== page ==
There are cries of hatred and of madness. I do not understand the scene and it hurts to fully understand what happened.

"Holy s***, they were eating that guy," says a soldier with night-vision goggles.

The next day, or maybe the day after, everyone was talking about this Muslim that the Christians had eaten.

"We're going to do the same to [president Michel] Djotodia! We're going to eat him!" said one smiling demonstrator before the president resigned.

The darkest of taboos, cannibalism, has been broken.

After the president resigns, there are scenes of joy in the streets and people shoot guns into the air. But nothing is finished.

On the road, I bump into an officer who is becoming a friend, and some Christians I know who open a beer to celebrate. There are also anti-balaka fighters who smile while clinging to their guns, thinking their hour has come. And there is a Muslim friend, who a few days ago offered me a lucky charm.

These charms, or amulets, are a strange thing in common between the Seleka and the anti-balaka. They all wear them. Mine apparently make me invisible at times and have stopped bullets coming my direction, so I have not needed the heavy bulletproof vest I have been wearing for three weeks. Considering the number of people injured by bullets or machetes that I have seen, I decide to give the vest away.

I love the Central African Republic. I delight in telling foreign soldiers and journalists who have only known the country in chaos that I knew it before. I was naive to have thought that these terrible things could never happen here. Before, I wrote with humour - now it is more difficult. Maybe things will get back to normal one day, who knows? I will not be making any predictions.

Background to the conflict

The Central African Republic has been unstable since its independence from France in 1960. It is one of the least developed countries in the world;

It has endured several coups and suffered a notorious period under Jean-Bedel Bokassa, the army commander who ousted the country's first president, David Dacko;

Bokassa, who came to power in 1965, headed a brutal regime and declared himself president for life in 1972;

Bokassa was alleged to have fed his opponents to animals and practised cannibalism. The claims were triggered by photographs in Paris Match magazine that apparently showed a fridge containing the bodies of schoolchildren. It was claimed that his political rivals were cooked and served to visiting dignitaries or fed to lions and crocodiles in his personal zoo. Charges of cannibalism against him were later dropped;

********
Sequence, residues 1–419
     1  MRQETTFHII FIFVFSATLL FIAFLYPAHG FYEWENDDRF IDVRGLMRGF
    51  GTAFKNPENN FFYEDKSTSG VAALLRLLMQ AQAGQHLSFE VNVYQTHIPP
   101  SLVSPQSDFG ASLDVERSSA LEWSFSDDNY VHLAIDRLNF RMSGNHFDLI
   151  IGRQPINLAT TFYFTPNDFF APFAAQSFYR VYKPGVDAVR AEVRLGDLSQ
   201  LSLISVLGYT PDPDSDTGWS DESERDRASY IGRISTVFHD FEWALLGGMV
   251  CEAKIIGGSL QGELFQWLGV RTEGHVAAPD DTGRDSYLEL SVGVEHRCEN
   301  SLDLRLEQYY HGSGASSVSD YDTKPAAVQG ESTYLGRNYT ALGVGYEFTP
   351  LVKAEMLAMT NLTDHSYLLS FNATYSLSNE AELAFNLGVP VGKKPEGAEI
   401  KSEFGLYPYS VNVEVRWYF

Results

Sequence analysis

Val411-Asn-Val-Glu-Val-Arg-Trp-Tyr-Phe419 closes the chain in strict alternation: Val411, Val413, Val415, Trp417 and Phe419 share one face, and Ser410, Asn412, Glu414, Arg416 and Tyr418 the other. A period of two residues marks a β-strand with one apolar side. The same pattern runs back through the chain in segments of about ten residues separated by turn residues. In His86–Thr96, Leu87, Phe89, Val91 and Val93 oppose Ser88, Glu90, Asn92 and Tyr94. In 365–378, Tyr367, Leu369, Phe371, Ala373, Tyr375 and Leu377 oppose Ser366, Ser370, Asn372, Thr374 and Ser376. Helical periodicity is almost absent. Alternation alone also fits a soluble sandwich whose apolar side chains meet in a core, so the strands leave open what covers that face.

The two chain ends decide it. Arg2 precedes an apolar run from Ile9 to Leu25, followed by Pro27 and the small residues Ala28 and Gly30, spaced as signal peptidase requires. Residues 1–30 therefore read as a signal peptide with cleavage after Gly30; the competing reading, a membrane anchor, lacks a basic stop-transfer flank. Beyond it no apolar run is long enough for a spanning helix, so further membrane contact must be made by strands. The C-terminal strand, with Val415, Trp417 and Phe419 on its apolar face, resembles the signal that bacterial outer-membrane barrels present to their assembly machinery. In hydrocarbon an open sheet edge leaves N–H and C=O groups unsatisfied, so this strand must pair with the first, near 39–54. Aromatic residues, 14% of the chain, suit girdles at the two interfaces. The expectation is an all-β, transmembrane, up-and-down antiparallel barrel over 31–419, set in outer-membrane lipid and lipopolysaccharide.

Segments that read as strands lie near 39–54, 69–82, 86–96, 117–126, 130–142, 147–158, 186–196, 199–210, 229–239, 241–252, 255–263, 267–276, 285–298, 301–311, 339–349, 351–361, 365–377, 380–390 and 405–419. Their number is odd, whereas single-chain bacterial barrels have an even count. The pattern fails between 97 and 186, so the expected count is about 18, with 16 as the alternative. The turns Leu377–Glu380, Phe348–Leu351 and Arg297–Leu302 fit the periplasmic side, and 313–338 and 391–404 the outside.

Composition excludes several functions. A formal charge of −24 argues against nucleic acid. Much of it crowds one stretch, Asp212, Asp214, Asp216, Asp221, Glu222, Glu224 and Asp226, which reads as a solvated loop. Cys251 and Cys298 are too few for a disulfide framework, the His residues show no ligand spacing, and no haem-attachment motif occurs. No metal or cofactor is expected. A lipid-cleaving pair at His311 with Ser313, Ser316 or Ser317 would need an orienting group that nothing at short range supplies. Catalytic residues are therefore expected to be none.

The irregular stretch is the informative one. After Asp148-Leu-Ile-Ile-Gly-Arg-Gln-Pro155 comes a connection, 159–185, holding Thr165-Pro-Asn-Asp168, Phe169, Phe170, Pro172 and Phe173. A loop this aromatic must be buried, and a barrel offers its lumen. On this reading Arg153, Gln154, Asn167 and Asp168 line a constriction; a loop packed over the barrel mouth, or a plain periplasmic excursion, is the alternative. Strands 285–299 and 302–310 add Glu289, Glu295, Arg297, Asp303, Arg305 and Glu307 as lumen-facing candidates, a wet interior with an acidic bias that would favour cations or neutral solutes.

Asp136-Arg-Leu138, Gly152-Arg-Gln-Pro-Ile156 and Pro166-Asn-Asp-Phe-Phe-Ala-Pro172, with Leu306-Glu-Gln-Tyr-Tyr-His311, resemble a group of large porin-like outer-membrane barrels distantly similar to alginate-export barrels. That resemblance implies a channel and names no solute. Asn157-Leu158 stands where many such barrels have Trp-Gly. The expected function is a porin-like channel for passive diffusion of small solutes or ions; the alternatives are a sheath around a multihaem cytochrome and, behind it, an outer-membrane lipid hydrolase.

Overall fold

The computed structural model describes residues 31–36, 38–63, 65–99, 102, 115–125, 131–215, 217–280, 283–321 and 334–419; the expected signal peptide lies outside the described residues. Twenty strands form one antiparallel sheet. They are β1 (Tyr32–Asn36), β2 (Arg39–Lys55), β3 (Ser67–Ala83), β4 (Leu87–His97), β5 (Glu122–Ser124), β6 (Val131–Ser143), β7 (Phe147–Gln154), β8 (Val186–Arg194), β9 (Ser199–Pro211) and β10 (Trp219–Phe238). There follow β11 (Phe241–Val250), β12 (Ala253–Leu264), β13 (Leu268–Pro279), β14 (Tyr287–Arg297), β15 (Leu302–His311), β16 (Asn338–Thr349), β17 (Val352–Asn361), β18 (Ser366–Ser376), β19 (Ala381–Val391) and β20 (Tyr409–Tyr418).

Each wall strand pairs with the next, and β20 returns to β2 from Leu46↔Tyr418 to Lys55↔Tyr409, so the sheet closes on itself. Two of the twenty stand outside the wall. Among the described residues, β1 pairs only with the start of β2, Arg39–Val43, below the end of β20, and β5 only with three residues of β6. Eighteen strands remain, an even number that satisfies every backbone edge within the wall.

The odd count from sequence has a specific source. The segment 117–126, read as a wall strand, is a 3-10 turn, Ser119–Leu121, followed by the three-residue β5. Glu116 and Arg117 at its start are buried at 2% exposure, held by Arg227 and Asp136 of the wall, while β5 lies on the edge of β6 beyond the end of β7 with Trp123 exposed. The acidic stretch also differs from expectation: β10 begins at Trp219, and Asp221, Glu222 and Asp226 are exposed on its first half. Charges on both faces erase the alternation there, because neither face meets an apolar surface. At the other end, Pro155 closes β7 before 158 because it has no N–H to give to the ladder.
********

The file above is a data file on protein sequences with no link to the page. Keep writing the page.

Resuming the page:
In 1976, he proclaimed himself emperor and renamed the country the Central African Empire. His coronation, based on that of Napoleon, cost his country's entire GDP. He fathered 62 children;

He was ousted in a coup in 1979 led by Dacko and backed by French troops, after widespread protests in which many school children were arrested and massacred in detention;

Some progress towards stabilising the country was made between 2008 and 2012, before the new Seleka rebel alliance marched south and captured the capital, Bangui, in March 2013, ousting president François Bozizé;

The country descended into crisis after the coup by Seleka, who installed its leader, Michel Djotodia, as the first Muslim president. He was unable to control the fighters, who went on killing, raping and pillaging, prompting Christians to form vigilante groups in response;

Djotodia, who studied in the former Soviet Union, originally promised an inclusive government when he seized power. But his failure to disarm and rein in his militias cost him the confidence of key regional allies such as Chad, which pressured him to step down;

After 10 months of instability that has led to a fifth of the population being displaced, France ordered peacekeepers to the former colony in November last year. Sectarian violence has claimed 1000 lives in the past month alone; and

Djotodia's exile is expected to ease tensions in the long term, but diplomats believe more peacekeepers are needed. The United Nations has warned that the country is in a "mega-crisis" and urgent international intervention is needed. It has also warned that both ex-Seleka rebels and former CAR soldiers have crossed into the volatile Democratic Republic of Congo, causing local residents to flee.

Source: The Daily Telegraph, London, and BBC